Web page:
President Trump heralds a decisive media advantage over Democratic nominee Joe Biden, according to new data from performance marketing company What If Media Group.

What If’s survey discovered that, with exactly nine weeks to go until Election Day, Trump holds a disproportionate lead in terms of both earned and paid media coverage, and maintains a large advantage in every other promotional medium analyzed by the survey.

Trump Biden

Two-thirds of survey respondents (65 percent) said they often see or hear about President Trump in the news, compared to only a little more than a quarter (27 percent) who said the same for Biden.

When asked if they’ve seen TV ads supporting the candidates, more than a third (34 percent) of respondents said they’ve seen pro-Trump ads while only 18 percent have seen ads supporting Biden.

A quarter (26 percent) said they’ve seen “many” online ads in support of Trump, nearly double the 14 percent who said they’ve seen “many” online Biden placements.

When it comes to email newsletters, 22 percent have received “many” such dispatches in support of Trump, more than two times the 10 percent who’ve received a similar number of email newsletters supporting Biden.

More than one in five respondents (21 percent) said they’ve seen Trump lawn signs, compared to only nine percent who’ve seen Biden lawn signs.

In addition to dominating in news coverage and advertisements in addition to digital and outdoor media, it appears Trump also leads in terms of a perceived level of clarity concerning his political agenda.

When asked to rate the clarity of the candidates’ policy agendas—on a scale of one to 10—21 percent ranked Trump’s policy agenda clarity a “10” while only 12 percent gave a “10” ranting to Biden.

What If Media Group CEO Josh Gillon told O’Dwyer’s that the survey presents a number of factors that could spell trouble for the Biden campaign.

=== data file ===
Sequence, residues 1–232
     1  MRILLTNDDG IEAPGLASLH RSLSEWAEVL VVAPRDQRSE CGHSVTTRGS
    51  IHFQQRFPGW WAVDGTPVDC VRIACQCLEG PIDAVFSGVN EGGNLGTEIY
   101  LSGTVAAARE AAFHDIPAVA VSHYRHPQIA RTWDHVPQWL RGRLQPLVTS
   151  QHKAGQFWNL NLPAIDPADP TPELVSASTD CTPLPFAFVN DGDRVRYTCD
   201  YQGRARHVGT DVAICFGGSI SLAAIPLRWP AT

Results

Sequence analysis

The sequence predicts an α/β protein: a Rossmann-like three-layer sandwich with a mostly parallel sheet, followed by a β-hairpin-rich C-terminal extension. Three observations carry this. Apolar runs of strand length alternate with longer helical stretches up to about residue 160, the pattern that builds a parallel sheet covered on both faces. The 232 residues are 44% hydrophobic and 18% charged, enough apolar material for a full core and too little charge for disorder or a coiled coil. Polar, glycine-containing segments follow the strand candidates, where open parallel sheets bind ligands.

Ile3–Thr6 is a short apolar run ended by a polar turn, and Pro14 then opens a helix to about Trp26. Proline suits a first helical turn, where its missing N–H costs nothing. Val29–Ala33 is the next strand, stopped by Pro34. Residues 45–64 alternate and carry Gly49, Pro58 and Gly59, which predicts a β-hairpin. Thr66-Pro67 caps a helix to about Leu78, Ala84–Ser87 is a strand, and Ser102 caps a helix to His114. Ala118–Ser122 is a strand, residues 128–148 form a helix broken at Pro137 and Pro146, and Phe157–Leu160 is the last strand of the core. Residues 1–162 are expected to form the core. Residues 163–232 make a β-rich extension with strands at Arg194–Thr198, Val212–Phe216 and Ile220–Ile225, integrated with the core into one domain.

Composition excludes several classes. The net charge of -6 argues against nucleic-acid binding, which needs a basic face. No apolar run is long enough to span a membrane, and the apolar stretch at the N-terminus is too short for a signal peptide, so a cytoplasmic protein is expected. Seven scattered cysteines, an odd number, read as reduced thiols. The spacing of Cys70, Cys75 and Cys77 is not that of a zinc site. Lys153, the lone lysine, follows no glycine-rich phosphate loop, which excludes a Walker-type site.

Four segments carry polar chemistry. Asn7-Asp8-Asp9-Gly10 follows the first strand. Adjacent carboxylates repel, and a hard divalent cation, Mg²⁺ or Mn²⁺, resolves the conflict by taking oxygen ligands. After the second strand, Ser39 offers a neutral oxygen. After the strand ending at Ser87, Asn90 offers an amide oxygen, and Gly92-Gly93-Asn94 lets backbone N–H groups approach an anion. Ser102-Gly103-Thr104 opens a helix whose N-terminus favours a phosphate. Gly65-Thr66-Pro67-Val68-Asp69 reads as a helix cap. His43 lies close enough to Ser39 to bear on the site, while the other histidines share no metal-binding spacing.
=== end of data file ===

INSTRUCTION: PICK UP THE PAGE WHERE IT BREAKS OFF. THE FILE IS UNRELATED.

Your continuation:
“For starters, our polling for the past few months has consistently shown that the election is far tighter than most of the other published polls indicate,” he said. “Significantly, we are polling a much larger data sample than many others, and our audience reflects a broader cross-section of American voters. Because of these factors, Biden’s campaign needs to continue pushing hard with their political advertising to reach a broader audience with effective messaging.”

Gillon said another interesting phenomenon his company’s findings have uncovered is the notion that Trump supporters appear more passionate about showing up to the polls than Biden supporters.

“This behavior suggests that we can probably expect a higher turnout for in-person voting from Trump supporters, so that on the day of the election, based on those polls that are so widely watched, we may see Trump doing very well compared to Biden. Furthermore, we’ve observed that Biden supporters are more likely to vote by mail, which could create serious post-election drama.”

What If Media Group’s survey polled more than 8,890 randomly-selected U.S. adults online between late July and early August.